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Chavutti Thirumal. An Introduction…


By Jenny Carrigan

Chavutti Thirumal is a format of massage, which has its origins in Ayurvedic medicine and has been practised in India since ancient times. This is a full body oil massage, but it differs greatly from other forms of massage, in that, to perform Chavutti Thirumal, the practitioner uses her bare feet to carry out specific strokes; some are short, but generally they are long controlled strokes. Chavutti was borne out of the ancient Indian art of Kalarippayattu – a fighting system – which is indigenous to Kerla in Southern India.

Kalari embodies elements of dance, yoga and Ayurvedic medicine and this extraordinary massage was originally developed to heal, as well as to promote suppleness and flexibility, thus enabling the Kalari practitioners to perform their art with fluidity and dexterity.

Chavutti Thirumal, literally translated, means massage by foot pressure. So, during a treatment the masseuse applies one foot at a time, whilst holding on to a support rope which runs at head level across the treatment room. This support enables the practitioner to use her foot to travel the whole length of the body in one sweeping, flowing stroke, working from the fingertips to the toes. This allows for a wonderfully deep continuous movement, this being just one of the unique characteristics of the massage.

So, by using the foot, the body and the breath correctly throughout the massage, the practitioner can achieve greater depth, precision and accuracy. It goes without saying that back problems respond well to this treatment, as Chavutti not only relieves aches and pains in the muscular system, but it can also help alleviate mild postural problems by gently stretching and re-aligning the spine. This helps create space between previously compacted vertebrae. It therefore becomes apparent, that Chavutti works on the muscular system and the skeletal system simultaneously. Without doubt, Chavutti helps loosen tight contracted muscles, but conversely it can help tone muscles where these are under formed, thereby improving muscular weakness.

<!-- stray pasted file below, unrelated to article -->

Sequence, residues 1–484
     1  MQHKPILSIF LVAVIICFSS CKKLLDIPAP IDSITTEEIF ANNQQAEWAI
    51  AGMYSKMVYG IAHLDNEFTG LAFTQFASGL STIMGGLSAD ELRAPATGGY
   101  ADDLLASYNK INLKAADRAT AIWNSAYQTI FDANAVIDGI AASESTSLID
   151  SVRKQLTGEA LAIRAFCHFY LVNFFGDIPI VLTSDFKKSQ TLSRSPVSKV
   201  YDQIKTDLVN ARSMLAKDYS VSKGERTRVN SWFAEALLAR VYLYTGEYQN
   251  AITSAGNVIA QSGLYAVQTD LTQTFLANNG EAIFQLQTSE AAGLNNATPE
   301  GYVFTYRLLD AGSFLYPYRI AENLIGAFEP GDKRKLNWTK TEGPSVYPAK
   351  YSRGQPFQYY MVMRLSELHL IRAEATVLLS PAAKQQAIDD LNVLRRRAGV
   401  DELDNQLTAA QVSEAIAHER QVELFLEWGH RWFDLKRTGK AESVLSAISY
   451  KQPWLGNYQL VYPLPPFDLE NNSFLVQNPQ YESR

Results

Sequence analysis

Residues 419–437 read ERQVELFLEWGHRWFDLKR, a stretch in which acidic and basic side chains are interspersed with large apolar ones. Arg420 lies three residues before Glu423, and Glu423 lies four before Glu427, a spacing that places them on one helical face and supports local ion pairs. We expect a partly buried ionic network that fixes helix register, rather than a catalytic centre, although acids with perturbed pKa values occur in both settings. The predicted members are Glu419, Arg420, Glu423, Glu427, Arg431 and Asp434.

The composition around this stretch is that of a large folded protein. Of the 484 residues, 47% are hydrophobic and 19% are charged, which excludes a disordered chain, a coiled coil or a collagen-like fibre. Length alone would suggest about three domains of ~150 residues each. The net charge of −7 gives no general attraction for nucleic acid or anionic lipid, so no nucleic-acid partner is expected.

As with other forms of massage, the three main circulatory systems are also affected. By these I am referring to the blood, the nervous and the lymphatic systems. One of the obvious benefits of working so deeply and thoroughly on the body in this way, is that it encourages an increase in oxygen uptake by the tissues, whilst at the same time facilitating toxin release, encouraging a gentle detoxification.

Perhaps more importantly though, Chavutti really is a mind, body, soul treatment and works not only on a physical level but on an emotional level too and at the very least creates an overall sense of well-being.

Jenny Carrigan is practising exclusively at Panakeia, a holistic therapy centre in London SW1 - for an appointment call 0207 730 9977.

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